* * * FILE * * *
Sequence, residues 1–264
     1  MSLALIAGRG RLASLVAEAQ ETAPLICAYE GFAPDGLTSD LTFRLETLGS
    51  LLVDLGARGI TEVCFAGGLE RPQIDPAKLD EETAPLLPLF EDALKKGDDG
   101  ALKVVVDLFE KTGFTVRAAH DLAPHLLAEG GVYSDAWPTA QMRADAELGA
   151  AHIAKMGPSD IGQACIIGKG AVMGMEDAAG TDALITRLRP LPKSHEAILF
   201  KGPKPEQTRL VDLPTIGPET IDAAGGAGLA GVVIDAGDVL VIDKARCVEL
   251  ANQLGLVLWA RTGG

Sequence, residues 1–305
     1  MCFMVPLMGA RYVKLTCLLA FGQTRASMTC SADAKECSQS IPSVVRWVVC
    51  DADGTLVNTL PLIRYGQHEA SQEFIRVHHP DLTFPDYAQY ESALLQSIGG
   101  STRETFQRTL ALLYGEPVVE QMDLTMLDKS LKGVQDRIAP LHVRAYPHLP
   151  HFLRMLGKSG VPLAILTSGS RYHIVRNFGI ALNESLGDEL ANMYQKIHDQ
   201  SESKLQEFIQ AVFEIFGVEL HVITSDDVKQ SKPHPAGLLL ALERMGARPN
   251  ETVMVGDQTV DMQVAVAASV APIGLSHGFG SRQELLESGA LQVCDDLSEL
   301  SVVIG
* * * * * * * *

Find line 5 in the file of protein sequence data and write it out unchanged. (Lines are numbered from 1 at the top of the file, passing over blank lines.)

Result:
   151  AHIAKMGPSD IGQACIIGKG AVMGMEDAAG TDALITRLRP LPKSHEAILF